After the ball is snapped, Pierre-Paul engages with the tackle but keeps his eyes on Goff the entire time. And wouldn't you know it? Either Goff is late with his throw or his running back, Darrell Henderson, has overshot his route. Instead of sitting in the spot Goff throws to, Henderson keeps going. Meanwhile, JPP has since disengaged and is in prime position to make the catch – which he does. What makes it even more impressive is that he called his shot before the drive. On the Bucs' Mic'd Up from this week, you hear JPP tell his teammates he's about to get an interception after watching the Rams' screen passes all game.

Baller. Shot-caller. Wonder if he has 20-inch blades on an Impala? (Yes, I had been waiting all this time to drop that in, thanks).

1st &10 @ LA 20

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Remember how I said Pierre-Paul did a little bit of everything in this game? After getting his hands on the interception, later in the quarter he then helped stuff the run. The Rams had just re-taken the lead by a touchdown but Pierre-Paul ended up setting the tone for their next possession on first down. The Bucs are in their nickel formation again, this time with defensive lineman Rakeem Nuñez-Roches shading the center to the open side of the formation. He's helpful in finishing a tackle that JPP starts from again, that wide-five alignment. Pierre-Paul never puts his hand in the ground though, standing up the entire time just like his counterpart Shaq Barrett on the other side of the formation.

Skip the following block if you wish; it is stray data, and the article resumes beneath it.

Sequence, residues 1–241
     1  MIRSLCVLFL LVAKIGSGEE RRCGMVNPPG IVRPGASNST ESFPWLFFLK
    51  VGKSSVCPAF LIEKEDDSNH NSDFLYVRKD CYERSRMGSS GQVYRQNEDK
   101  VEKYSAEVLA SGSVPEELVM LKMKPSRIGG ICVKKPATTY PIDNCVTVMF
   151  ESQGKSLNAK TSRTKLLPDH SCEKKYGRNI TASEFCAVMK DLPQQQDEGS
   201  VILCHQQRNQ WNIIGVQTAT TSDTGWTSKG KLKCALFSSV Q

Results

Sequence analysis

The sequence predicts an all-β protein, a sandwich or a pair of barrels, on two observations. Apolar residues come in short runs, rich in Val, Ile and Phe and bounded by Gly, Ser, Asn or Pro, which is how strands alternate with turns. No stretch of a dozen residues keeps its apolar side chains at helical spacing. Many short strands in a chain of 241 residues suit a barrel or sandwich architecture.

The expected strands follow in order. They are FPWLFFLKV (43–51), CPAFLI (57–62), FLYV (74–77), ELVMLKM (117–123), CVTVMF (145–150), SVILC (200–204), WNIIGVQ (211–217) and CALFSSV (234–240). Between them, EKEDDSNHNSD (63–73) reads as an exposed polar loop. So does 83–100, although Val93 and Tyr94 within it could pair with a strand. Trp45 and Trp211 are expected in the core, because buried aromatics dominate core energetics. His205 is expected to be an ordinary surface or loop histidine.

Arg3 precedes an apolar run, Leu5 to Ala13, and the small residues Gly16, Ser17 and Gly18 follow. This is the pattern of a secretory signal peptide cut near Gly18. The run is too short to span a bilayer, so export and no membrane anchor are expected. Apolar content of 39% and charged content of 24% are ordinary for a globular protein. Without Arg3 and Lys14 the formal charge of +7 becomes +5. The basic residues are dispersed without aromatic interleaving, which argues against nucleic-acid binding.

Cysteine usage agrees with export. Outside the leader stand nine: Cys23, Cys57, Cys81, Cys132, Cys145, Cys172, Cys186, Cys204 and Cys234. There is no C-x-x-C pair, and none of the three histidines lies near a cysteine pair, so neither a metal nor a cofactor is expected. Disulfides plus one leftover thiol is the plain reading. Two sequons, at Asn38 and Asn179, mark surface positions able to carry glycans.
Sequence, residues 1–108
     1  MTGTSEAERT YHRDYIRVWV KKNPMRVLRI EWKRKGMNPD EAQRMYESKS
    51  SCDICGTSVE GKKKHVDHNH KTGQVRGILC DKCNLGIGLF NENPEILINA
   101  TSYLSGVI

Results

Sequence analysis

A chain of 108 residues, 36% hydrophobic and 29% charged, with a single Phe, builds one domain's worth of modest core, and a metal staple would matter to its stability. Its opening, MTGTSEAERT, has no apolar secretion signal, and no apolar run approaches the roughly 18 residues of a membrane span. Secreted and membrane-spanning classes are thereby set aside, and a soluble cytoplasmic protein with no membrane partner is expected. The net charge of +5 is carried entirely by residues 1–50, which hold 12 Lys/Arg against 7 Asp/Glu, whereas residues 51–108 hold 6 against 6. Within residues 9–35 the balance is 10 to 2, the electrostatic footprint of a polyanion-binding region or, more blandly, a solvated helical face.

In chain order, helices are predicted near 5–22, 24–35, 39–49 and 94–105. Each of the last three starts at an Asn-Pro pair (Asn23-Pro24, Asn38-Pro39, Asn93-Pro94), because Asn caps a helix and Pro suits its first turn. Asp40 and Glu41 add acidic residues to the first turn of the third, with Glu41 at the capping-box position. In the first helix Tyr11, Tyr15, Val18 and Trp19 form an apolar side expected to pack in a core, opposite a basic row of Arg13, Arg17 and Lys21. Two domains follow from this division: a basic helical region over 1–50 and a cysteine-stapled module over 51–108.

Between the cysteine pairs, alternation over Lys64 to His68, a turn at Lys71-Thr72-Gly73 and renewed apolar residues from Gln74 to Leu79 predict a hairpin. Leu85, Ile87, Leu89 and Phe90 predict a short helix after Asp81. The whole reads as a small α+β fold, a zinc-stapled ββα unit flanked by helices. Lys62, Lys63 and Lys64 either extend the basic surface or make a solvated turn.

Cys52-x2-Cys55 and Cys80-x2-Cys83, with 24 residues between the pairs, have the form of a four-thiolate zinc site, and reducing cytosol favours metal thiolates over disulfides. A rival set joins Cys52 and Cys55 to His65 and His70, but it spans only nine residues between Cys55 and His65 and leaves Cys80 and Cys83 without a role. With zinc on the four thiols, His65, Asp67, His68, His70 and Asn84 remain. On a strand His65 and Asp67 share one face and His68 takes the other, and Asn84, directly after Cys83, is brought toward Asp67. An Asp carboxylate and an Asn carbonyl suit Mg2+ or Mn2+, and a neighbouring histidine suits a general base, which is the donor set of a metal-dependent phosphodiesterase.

The Rams have Henderson lined up again directly behind Goff with extra blockers in the form of two tight ends to Goff's right and away from JPP. The Rams then motion a receiver over tight to the formation, which draws safety Antoine Winfield Jr. with him to the outside of JPP. This doesn't end up mattering because as the ball is snapped to Goff under center, JPP completely blows past the tackle inside and away from that motioning receiver and meets Henderson at the line after the handoff. At one point, JPP's feet leave the ground as he goes for the full throttle takedown. Los Angeles would end up punting on the drive.

4th Quarter

3rd & 16 @ LA 36

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Not quite done with the ball, Pierre-Paul added a pass defensed late in the game on third down to force a three-and-out from the Rams offense. They had been backed up by a second-down holding penalty and were facing 3rd and 16 in an attempt to cushion their one-score lead. The Bucs are again in their nickel formation, expecting the pass, and JPP is again the wide-five, standing up and threatening to rush. The Rams have a standard five-man protection with a three-by-one formation of receivers and the running back flanking Goff in the shotgun away from the trips side. The Bucs are manned up in coverage with Mike Edwards as the deep safety and end up rushing four – one of which is JPP.

The Rams' left side of the line takes off in order to block downfield as Goff throws the screen to wide receiver Robert Woods. And while the quick throw accounted for the fact that JPP would be coming in unblocked, it didn't account for him getting his hands up and breaking up the pass before it can even get to Woods. Which is what he did. Los Angeles punt.